I’m a bastard. My father left me and my mother raised me. They never married. I was an accident.
Man, I’m glad that’s out of the way. Because, as the issue of redefining marriage focuses on the welfare of children in America (because it’s always about the children), you really have to see the irony: I (and millions like myself) was conceived and raised by irresponsible heterosexuals while many responsible homosexuals are denied the right to raise kids of their own.
And although my heterosexual parents were certainly irresponsible on many occasions, my mother gave it her all. Besides my mom, there was my grandmother and my two aunts (that totals double the amount of women in a lesbian relationship!) and, yes, I was very spoiled. It got dysfunctional, but these women were my other mothers. I loved them all as such.
Then, at the age of 7, my mom found me a suitable father figure. I grew up curiously fond of that fatherly influence upon my life, yearning to impress him, be like him. About six years later, after having been unfaithful to her, he left. Soon after, she married again and found another father for me. They’ve been together since.
So, let’s recap. I was raised by four moms, three dads (two that abandoned me), and all of them are heterosexual.
Gee, with those odds, I’d almost like to try having a gay parent!
Okay okay, I’ll go easy on the rhetoric. But seriously, when you hear, headline after headline, study after study, about all the positive or negative effects of gay marriage on children, you have to ask, are we sure it’s the act of being gay or straight that has an impact on children? Are we sure it’s not just … being human?
I mean, take my case, kinship care. Guess what government studies say? It’s bad for you. Thanks, grandma and aunts, your incessantly over-affectionate upbringing proved to be detrimental in my life.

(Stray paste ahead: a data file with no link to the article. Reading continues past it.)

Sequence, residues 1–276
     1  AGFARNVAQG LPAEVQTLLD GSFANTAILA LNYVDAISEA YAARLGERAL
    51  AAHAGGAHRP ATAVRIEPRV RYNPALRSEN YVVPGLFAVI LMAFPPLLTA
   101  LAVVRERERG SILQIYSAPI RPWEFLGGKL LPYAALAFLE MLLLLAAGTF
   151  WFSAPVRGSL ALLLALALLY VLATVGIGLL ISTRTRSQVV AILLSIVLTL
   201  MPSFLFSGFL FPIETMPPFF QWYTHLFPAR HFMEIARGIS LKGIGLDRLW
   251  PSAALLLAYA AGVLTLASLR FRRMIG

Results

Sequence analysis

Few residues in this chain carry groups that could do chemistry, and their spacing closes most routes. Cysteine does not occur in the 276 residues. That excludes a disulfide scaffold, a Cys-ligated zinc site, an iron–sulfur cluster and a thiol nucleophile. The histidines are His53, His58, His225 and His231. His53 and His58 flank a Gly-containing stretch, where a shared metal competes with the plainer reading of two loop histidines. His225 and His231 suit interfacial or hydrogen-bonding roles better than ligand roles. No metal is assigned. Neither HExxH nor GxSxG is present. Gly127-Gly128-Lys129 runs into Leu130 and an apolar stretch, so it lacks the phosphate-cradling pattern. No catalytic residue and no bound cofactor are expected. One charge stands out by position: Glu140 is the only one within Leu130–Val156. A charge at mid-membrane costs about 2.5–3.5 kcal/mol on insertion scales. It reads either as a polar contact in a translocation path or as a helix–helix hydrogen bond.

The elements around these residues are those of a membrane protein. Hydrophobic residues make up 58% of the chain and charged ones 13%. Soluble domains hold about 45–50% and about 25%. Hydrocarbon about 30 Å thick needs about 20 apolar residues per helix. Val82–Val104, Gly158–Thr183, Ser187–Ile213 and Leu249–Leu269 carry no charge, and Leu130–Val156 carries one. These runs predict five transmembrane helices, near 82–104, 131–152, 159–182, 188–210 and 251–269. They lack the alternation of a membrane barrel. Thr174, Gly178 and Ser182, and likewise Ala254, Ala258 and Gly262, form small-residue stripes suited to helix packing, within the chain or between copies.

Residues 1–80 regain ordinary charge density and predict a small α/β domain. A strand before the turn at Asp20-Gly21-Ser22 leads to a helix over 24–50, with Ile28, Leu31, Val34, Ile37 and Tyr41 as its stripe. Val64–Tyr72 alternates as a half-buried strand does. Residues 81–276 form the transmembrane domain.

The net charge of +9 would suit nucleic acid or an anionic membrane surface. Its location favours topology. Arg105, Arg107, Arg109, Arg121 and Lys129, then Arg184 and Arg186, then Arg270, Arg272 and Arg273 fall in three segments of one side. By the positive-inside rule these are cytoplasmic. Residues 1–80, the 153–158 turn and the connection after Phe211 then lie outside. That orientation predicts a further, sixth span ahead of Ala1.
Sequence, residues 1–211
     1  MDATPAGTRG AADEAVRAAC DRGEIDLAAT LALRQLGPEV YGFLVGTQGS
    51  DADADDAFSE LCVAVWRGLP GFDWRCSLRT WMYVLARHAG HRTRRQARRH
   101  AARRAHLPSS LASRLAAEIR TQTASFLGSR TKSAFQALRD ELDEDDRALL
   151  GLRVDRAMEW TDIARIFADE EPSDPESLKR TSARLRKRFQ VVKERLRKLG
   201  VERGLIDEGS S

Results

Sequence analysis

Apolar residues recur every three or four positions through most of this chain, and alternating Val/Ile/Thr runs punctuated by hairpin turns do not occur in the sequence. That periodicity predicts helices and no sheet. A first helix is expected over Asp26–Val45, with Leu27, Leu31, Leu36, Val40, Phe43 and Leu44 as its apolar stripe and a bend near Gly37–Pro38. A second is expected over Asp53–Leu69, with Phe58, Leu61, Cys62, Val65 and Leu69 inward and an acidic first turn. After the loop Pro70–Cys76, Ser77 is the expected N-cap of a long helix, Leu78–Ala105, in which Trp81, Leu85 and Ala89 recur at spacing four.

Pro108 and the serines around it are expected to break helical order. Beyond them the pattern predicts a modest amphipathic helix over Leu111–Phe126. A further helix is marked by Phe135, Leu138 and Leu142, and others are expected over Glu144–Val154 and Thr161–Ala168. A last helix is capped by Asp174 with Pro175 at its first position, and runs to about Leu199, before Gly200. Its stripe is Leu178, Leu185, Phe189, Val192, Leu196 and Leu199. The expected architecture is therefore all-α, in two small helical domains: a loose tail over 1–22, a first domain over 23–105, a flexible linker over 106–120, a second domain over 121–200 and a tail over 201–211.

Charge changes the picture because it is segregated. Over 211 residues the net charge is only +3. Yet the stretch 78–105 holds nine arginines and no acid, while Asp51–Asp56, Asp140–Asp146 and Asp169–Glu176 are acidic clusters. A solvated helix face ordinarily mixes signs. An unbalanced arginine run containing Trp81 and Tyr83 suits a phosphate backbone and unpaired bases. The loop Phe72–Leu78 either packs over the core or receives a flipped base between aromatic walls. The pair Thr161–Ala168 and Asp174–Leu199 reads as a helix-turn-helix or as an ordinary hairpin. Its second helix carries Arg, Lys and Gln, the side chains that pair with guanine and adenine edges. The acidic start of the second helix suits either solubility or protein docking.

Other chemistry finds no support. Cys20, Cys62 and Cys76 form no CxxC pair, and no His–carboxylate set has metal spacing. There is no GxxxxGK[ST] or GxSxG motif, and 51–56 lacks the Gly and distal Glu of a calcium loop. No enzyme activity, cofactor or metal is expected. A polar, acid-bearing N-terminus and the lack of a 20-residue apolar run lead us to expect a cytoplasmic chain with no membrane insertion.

Guess what studies say about the effects of divorce and abandonment on children? Yep, you guessed it. Thanks dad(s), now I might’ve grown up confused about what it means to be a father and unless I follow a complex list of coping mechanisms, I’ll grow up scarred from it.
Frankly, we could go all day pointing at studies that explore what we think makes us who we are. But if you’re against gay marriage, you need to find an excuse other than “it’s bad for the children.” Because if my high school drop-out, twice divorced, financially and emotionally unprepared mother had a right to have me and raise me (and let me tell ya, it’s been a bumpy ride), then gays must unequivocally have that same right.
But hey, if you’re still against gay marriage, look at Rob Portman. The Republican Senator started out opposing same sex marriage, but something happened. He has a gay son. After ruminating for some time, he learned that these human complexities aren’t necessarily detrimental to society. In fact, they compliment society. For Portman himself, denying gay marriage meant denying his own son, which Portman simply couldn’t do.
For me, denying gay marriage would be to deny my own uniquely dysfunctional existence, regardless of how specifically well it worked out for me. Just like Portman, I simply can’t do that.